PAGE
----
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Russian President Vladimir Putin walks with Saudi Crown Prince Mohammed bin Salman during a welcoming ceremony in the capital Riyadh on Dec. 6, in this handout picture provided by the Saudi Press Agency.-/Getty Images

Russian President Vladimir Putin on Wednesday had hastily arranged talks with Saudi Crown Prince Mohammed bin Salman on oil, Gaza and Ukraine, hours after visiting Saudi Arabia’s Gulf neighbour, the United Arab Emirates.

It was not immediately clear what Putin, who has rarely left Russia since the start of the Ukraine war, intended to raise specifically about oil or geopolitics in a meeting with the de facto ruler of the world’s largest crude exporter.

The meeting with MBS, as the prince is widely known, comes after a fall in oil prices despite a pledge by OPEC+, which groups the Organization of the Petroleum Exporting Countries (OPEC) and allies led by Russia, to further cut output.

In introductory remarks shown on Russian television, Putin thanked the crown prince for his invitation, saying he had originally expected MBS to visit Moscow, “but there were changes to plans”.

Their next meeting should take place in Moscow, he said, adding: “Nothing can prevent the development of our friendly relations.”

The crown prince told Putin their countries could “work together for the good of the whole world”, according to an official interpreter.

Russia’s defence ministry had earlier shown the Kremlin chief’s Ilyushin-96 aircraft flanked by Sukhoi-35S fighter jets on its flight from Russia to the United Arab Emirates.

Putin’s delegation included top oil, economy, foreign affairs, space and nuclear energy officials as well as business leaders.

At his first stop in Abu Dhabi, President Sheikh Mohammed Bin Zayed Al Nahyan welcomed his “dear friend”, while a fly-past of UAE jets trailed the colours of the Russian flag.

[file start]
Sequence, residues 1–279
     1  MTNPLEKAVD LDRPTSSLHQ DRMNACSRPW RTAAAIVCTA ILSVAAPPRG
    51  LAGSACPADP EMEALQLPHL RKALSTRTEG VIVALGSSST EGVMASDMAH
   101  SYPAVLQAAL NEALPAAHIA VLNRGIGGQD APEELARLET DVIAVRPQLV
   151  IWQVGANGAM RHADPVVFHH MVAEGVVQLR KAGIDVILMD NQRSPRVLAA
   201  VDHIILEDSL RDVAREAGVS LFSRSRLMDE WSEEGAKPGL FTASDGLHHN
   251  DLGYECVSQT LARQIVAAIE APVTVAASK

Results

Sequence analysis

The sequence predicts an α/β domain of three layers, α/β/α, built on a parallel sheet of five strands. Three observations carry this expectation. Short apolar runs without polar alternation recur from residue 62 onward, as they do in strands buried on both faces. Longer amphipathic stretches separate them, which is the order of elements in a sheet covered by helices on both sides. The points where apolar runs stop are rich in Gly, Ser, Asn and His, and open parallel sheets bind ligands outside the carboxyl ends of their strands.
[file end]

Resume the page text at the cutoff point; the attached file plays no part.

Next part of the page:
“Our relations, largely due to your position, have reached an unprecedentedly high level,” Putin told him. “The UAE is Russia’s main trading partner in the Arab world.”

Putin said Russia and the UAE cooperated as part of OPEC+, whose members pump more than 40% of the world’s oil, adding that they would discuss the Israeli-Hamas conflict and Ukraine.

He then headed to Riyadh for his first face-to-face talks with MBS since October 2019 – days after a key OPEC+ meeting was delayed because of disagreements – superseding what should have been an MBS visit to Moscow.

Putin’s last visit to the region was in July 2022, when he met Supreme Leader Ayatollah Ali Khamenei in Iran. The Russian president was due to host his Iranian counterpart Ebrahim Raisi in Moscow on Thursday.

The Kremlin said that, as well as oil, Putin and MBS would discuss the war between Israel and Hamas, the situation in Syria and Yemen, and issues such as ensuring stability in the Gulf, while an aide said Ukraine would also be discussed.

Putin and MBS, who together control one-fifth of the oil pumped each day, have long enjoyed close relations, though both have at times been ostracized by the West.

At a G20 summit in 2018, just two months after the murder of Saudi journalist Jamal Khashoggi in a Saudi consulate, Putin and MBS high-fived and shook hands with smiles. Wednesday’s first encounter was just as warm and relaxed.

MBS, 38, has sought to reassert Saudi Arabia as a regional power with less deference to the United States, which supplies Riyadh with most of its weapons.

Putin, who sent troops into Ukraine in February 2022, says Russia is engaged in an existential battle with the West – and has courted allies across the Middle East, Africa, Latin America and Asia amid Western attempts to isolate Moscow.

Both MBS and Putin, 71, need high prices for oil, the lifeblood of their economies. The question for both is how much of the burden each should take on to keep prices aloft – and how to verify their contributions.

Last month, OPEC+ delayed a meeting by several days due to disagreements over production levels. The Saudi energy minister said OPEC+ also wanted more assurances from Moscow that it would make good on its pledge to reduce fuel exports.

Relations between Saudi Arabia and Russia in OPEC+ have been uneasy at times. A deal on cutting exports almost broke down in March 2020, but they managed to make up within weeks and OPEC+ agreed to record cuts of almost 10% of global demand.

Since war broke out between Israel and Hamas in October, Putin has cast the conflict as a failure of U.S. policy in the Middle East and has sought to further develop ties with Arab allies and Iran, as well as with the Palestinian militant group

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